Crafting RWD Email Layouts To Please (Most) Mobile Subscribers

Beyond • February 27, 2014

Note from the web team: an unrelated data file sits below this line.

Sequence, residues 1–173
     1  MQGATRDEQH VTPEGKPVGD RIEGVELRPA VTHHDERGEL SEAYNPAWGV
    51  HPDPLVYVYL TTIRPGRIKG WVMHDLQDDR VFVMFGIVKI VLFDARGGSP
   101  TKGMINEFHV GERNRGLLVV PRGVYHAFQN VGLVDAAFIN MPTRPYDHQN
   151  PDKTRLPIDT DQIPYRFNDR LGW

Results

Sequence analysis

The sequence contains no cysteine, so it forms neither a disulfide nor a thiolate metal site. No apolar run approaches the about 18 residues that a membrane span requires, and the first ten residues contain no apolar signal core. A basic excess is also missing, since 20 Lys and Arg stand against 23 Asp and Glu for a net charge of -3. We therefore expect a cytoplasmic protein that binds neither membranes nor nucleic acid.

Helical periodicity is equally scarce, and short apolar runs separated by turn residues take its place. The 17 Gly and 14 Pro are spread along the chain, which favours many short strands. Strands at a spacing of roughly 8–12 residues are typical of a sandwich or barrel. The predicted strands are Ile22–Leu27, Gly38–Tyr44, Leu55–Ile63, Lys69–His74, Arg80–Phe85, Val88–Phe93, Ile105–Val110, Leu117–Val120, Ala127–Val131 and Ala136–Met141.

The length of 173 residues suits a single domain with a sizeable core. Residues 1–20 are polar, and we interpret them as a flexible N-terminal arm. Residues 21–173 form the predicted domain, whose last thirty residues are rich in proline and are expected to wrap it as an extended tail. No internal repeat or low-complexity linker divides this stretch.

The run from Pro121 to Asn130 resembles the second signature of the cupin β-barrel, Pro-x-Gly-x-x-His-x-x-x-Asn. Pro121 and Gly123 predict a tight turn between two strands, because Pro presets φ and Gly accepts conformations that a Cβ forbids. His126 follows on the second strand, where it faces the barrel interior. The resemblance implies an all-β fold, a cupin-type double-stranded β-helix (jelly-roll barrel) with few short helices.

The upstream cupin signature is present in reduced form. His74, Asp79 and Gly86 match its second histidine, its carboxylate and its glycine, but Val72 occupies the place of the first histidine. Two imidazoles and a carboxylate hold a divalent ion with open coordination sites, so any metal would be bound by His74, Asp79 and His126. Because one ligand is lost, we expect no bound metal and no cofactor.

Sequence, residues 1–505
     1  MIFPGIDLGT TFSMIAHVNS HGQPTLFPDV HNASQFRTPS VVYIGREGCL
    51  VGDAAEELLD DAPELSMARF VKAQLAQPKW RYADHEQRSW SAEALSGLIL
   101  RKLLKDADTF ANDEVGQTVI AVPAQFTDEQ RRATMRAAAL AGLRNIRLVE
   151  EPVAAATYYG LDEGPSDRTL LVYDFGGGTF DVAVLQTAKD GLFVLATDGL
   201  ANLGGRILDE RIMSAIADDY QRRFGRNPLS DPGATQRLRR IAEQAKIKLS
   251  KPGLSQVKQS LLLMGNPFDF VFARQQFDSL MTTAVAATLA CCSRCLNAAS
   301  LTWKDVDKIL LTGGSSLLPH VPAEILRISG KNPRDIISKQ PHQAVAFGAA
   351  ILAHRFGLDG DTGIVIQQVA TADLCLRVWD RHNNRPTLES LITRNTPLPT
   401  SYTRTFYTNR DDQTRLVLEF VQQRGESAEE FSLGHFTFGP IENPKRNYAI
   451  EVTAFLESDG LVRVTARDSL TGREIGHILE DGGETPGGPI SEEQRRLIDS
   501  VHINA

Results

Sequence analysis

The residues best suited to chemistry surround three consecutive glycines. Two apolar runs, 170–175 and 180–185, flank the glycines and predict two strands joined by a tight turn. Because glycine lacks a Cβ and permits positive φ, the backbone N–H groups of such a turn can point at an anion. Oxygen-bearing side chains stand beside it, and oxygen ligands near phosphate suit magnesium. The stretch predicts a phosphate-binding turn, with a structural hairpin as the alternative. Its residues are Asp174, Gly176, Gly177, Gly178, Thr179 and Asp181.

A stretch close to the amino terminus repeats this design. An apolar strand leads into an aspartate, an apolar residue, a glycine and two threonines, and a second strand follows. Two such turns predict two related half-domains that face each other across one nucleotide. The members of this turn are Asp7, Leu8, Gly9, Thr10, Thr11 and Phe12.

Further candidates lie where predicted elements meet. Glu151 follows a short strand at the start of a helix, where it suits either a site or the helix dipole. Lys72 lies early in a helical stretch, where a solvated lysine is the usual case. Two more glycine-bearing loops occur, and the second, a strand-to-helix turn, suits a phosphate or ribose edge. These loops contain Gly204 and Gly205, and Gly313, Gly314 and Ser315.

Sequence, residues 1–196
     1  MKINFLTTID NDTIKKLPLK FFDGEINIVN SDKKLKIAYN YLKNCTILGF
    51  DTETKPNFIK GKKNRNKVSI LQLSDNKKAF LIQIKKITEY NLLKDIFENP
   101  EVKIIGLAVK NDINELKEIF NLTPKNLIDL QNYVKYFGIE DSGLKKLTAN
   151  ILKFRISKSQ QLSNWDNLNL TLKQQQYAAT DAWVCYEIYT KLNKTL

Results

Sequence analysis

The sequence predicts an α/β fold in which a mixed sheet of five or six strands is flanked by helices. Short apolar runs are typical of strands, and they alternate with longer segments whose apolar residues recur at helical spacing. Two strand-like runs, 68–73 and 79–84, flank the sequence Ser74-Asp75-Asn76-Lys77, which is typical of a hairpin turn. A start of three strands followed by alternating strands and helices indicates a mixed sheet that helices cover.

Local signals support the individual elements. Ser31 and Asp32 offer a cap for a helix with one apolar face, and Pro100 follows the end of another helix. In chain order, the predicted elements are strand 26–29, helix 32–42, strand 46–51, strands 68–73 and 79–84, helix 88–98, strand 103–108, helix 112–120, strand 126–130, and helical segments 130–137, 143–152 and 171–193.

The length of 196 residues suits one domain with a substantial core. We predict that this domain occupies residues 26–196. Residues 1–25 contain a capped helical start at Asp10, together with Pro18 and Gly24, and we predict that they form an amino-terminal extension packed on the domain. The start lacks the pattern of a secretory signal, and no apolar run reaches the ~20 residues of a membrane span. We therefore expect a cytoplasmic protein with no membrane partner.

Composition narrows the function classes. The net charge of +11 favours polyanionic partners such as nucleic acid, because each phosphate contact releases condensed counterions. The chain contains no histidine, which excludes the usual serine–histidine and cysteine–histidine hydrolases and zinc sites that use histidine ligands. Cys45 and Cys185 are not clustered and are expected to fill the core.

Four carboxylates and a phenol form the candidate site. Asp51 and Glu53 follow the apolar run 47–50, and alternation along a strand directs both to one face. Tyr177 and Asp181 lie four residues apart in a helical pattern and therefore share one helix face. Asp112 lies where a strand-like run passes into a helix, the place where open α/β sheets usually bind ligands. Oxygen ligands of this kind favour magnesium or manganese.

Did you know that more than 40 percent of all mobile marketers admit that their email content is not optimized for display on smartphone and tablet screens? Given that approximately half of their subscribers are using just those types of devices to access their email marketing content, this omission has to rank right up there with the great business screw-ups of all time such as failing to check the financials in the AOL-Time Warner merger, or trusting your life savings to that really nice guy Bernie Madoff. Mobile email marketing isn’t just the future as it has evolved so quickly that it is now very clearly the present, and any online marketers who have not already made it their prime priority are destined to bright careers in washing cars and flipping burgers. Horizontal scrolling or vertical telephone pole? Just in case you’ve been sleeping in a cave for the past half decade allow me to bring you up to speed. If your emails do not display properly on the mind-bogglingly broad variety of screens from the tiniest barely three inch smartphone all the way up to the 30 inch desktop monster, then you are effectively selecting a portion of your email subscription customer base and informing them that your competitor is really great and they should rush on over there right away. The necessity to cater to all of the various display formats is absolutely critical as your mobile customer is going to be just as frustrated at horizontally scrolling through your over-wide email layout as the large monitor desktop customer is going to be perplexed by the fact that your email layout is as awkwardly vertical as a telephone pole. RWD can be wondrous or pathetic The answer, of course, is responsive web design (RWD). Yes, it’s sometimes referred in the email marketing world as responsive email design but then the acronym becomes RED and that’s confusing. Like everything else in the technological universe there are endless ways to use RWD in a wondrous and in a pathetic manner. When you take that giant step which will lead you to integrate RWD into your email layouts, you have to put yourself in the position of the email subscriber who is actually going to open and view your email. Is it pleasant, clear, focused, properly-rendered, and most of all, looks like it was specifically designed just for their display resolution and aspect ratio? If the answer is yes you’re a champ and if the answer is no you’re a chump. Consider the major breakpoints You can easily go stark raving mad when you try to devise a layout which is best suited to each of the quadzillion resolutions out there in the wild, so you’re best off to consider a series of major breakpoints. 1. < 320 pixels may seem microscopic but it’s the only way to display well on for the small and relatively antique low resolution cell phones 2. < 480 pixels is a good breakpoint to cater to the more vintage and smaller smartphone displays 3. < 768 pixels is the current practicable standard for many of the more modern smartphones and the smaller range of tablets 4. > 768 pixels is a reasonable standard for the larger tablet screens 5. > 1024 pixels is the only way to go for most screens on laptops and desktops as well as the soon to be released 12 to 13 inch tablets like the rumored iPad Pro. These primary resolutions are not the ultimate solution to all of your email RWD layouts as they’ll be awful on 4K screens but they will readily address the majority of the most popular displays out there in both the mobile and desktop/laptop arena and allow you to craft your layouts with finer granularity as you obtain more information about the types of screens your customers are utilizing. Ricky Nelson famously crooned that “You can\'t please everyone so you gotta please yourself” but that doesn’t necessarily work in the mobile email layout arena. You have to try and please as many subscribers as you can through intelligent implementation of RWD!